These are waterless springs and mists driven by a storm; for them the deepest darkness has been reserved. For they speak bombastic nonsense, and with licentious desires of the flesh they entice people who have just escaped from those who live in error. They promise them freedom, but they themselves are slaves of corruption; for people are slaves to whatever masters them. For if, after they have escaped the defilements of the world through the knowledge of our Lord and Saviour Jesus Christ, they are again entangled in them and overpowered, the last state has become worse for them than the first. For it would have been better for them never to have known the way of righteousness than, after knowing it, to turn back from the holy commandment that was passed on to them. It has happened to them according to the true proverb,

‘The dog turns back to its own vomit’,

and,

‘The sow is washed only to wallow in the mud.’

What is man that he dares to deny the power and justice of God?

A slave to his own desires.

My loving God,
take and receive
all my liberty, my memory, my understanding, my entire will
and all that I have and possess.
You gave it all to me.
To you, my God, I return it!
All is yours, dispose of it according to your desires.
Give me your love and grace.
This is enough for me.

---- The offering of Ignatius of Loyola

The disciple accepts the discipline with thanks, for the rewards are more than enough. - U.P.

Sunday, January 16, 2011

The Road to Sainthood

Today's services at ECOOS included a departure from the assigned texts as we were instead treated to readings in honor of MLK Jr. day (which is tomorrow, and is not exactly on the church calendar). It is not uncommon for us to shift the celebration of the feast day of one particular Saint or another to the nearest Sunday, but I was unaware that MLK Jr. had been promoted (I am not sure of the Episcopal term) to sainthood.

Until today.

After hearing several references to his sainthood in the course of today's service, I was left wondering who authorized this election and whether or not to dare to raise the question for fear of sounding totally PIC (politically incorrect).



I am aware that the Catholic Church has a mechanism through which the Church examines the life of and miracles attributed to a deceased person when considering whether or not we should consider that person a Saint.
Here is a brief summary from the CatholicPages.
In official Church procedures there are three steps to sainthood: one becomes Venerable, Blessed and then a Saint. Venerable is the title given to a deceased person recognized as having lived heroic virtues. To be recognized as a blessed, and therefore beatified, in addition to personal attributes of charity and heroic virtue, one miracle, acquired through the individual's intercession, is required. Canonization requires two, though a Pope may waive these requirements. Martyrdom does not usually require a miracle.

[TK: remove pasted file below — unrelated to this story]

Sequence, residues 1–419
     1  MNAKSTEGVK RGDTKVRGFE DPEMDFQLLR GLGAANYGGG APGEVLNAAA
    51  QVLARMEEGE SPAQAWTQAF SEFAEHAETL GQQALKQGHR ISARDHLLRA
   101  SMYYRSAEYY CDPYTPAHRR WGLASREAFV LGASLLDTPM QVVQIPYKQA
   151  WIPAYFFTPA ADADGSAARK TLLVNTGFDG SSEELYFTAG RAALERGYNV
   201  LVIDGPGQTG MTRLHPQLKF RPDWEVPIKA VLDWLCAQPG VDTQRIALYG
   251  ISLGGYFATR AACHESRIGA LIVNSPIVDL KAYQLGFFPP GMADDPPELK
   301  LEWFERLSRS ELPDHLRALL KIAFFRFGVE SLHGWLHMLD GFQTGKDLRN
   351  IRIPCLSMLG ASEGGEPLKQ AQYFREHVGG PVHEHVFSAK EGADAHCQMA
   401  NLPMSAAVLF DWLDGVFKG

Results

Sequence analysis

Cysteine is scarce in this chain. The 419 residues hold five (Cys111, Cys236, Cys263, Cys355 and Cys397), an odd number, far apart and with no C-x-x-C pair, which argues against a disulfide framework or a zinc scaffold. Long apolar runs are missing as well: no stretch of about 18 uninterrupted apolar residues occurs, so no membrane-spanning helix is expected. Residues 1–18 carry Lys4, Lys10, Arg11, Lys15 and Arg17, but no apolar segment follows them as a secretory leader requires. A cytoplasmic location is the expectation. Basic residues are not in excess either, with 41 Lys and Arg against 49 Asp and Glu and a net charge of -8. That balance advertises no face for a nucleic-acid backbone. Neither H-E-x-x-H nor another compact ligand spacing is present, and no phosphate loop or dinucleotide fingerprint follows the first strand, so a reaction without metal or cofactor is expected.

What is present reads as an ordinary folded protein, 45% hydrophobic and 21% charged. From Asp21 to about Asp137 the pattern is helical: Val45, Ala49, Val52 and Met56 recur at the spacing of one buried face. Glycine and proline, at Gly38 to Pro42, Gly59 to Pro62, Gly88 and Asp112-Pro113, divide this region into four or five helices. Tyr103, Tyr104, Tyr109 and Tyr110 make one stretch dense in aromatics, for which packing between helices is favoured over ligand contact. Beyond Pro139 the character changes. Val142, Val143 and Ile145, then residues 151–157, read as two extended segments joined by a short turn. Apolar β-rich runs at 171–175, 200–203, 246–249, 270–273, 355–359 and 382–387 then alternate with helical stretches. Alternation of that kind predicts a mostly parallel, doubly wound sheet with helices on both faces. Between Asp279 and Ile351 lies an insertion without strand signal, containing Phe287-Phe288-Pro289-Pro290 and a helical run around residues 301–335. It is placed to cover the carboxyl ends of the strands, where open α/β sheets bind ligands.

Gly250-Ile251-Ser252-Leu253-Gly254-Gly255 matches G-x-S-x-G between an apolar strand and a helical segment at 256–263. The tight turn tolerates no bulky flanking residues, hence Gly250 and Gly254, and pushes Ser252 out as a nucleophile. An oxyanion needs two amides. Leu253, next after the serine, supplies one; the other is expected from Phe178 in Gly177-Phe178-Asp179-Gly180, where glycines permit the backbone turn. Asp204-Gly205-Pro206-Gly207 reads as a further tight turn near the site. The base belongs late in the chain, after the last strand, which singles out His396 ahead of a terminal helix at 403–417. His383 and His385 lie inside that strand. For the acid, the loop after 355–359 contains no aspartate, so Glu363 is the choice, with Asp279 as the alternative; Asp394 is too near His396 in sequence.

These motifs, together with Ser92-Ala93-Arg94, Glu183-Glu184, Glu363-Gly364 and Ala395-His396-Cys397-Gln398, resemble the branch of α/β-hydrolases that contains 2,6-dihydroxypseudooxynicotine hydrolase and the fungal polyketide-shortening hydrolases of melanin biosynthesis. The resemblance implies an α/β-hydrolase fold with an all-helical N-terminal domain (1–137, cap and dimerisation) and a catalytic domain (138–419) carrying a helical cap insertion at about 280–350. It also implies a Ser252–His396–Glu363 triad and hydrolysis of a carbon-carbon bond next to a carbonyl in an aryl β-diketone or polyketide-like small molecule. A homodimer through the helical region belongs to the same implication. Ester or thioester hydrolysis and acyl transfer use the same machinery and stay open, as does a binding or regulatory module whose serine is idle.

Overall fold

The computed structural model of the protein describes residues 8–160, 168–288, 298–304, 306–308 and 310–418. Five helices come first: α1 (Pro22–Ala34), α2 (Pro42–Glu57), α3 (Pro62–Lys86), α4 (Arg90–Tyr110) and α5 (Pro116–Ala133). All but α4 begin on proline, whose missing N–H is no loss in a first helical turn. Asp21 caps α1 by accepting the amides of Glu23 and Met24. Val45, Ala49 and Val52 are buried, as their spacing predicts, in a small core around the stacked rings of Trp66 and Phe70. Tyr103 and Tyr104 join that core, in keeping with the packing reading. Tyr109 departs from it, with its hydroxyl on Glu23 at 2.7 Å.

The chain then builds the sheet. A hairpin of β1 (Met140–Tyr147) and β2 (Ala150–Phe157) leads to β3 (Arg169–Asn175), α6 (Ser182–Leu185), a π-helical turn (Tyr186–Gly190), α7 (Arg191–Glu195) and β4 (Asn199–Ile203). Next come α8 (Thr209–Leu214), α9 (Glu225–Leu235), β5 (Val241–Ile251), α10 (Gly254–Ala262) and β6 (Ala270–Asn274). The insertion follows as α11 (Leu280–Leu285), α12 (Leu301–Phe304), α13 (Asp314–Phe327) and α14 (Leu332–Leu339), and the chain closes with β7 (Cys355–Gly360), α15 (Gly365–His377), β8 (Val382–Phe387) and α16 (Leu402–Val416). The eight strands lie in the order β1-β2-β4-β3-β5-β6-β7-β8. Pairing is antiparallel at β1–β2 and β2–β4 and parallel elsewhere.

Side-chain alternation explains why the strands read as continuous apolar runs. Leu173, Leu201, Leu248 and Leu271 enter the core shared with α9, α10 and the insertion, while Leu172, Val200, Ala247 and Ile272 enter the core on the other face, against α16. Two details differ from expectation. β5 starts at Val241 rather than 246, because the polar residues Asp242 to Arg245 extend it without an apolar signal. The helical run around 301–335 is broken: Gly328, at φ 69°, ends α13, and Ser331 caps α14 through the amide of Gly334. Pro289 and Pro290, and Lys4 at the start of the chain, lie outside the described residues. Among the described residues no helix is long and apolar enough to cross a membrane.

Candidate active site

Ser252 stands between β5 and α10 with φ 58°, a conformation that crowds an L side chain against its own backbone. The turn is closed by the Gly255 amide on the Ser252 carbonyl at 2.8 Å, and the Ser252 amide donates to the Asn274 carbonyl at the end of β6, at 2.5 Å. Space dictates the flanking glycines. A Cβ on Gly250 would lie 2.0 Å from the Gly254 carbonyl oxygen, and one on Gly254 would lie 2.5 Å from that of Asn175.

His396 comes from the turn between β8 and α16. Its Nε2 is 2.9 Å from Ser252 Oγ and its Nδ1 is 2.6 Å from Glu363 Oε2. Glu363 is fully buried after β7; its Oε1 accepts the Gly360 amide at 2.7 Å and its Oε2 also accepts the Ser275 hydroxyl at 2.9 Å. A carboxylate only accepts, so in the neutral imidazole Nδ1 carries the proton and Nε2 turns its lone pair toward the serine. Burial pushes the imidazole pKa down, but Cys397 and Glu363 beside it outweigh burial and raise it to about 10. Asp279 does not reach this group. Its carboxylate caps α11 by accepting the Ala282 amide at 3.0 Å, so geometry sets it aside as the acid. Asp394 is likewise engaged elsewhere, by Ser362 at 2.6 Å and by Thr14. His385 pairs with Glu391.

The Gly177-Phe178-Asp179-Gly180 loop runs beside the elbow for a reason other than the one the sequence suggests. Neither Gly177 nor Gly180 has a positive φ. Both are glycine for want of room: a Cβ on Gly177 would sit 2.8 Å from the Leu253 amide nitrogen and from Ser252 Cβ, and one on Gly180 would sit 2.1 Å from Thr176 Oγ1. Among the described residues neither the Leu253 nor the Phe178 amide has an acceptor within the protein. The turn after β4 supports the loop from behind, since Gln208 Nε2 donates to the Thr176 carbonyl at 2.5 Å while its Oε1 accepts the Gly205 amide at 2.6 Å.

When beatification and canonization procedures were not yet consigned to the authority of the Congregation for the Causes of Saints (instituted in 1588 by Pope Sixtus V) and to the Holy Father himself, it was the "vox populi" or "spontaneous local attribution" which led to the proclaiming of saints. This was the case, for example, of St. Anthony of Padua.
In the Episcopal church, the road to sainthood goes "vox populi" and political, meaning it goes through the General Convention, that motley assemblage of scripturally conflicted and ungrounded clergy and laity that meets every three years to waste millions of dollars digging the church's grave.

In any case, the nearest Episcopal saint day to today should be Antony (or Anthony in the Catholic calendar). Antony was famous for preaching against Arianism (a heresy which arose in the fourth century, and denied the Divinity of Jesus Christ).

We could use a little dose of Antony today.

The Episcopal list of saints, commemorations, and proposed saints and or "commendees" includes some interesting characters to include:

AMELIA JENKS BLOOMER (remember Barbara Eden's harem pants?)
S├śREN KIERKEGAARD, one of the fathers of existentialism.
HARRIET BEECHER STOWE, author of Uncle Tom's Cabin.
GEOFFREY ANKETELL STUDDERT KENNEDY who wrote Democracy and the Dog-Collar (1921) (featuring such chapters as "The Church Is Not a Movement but a Mob," "Capitalism is Nothing But Greed, Grab, and Profit-Mongering".)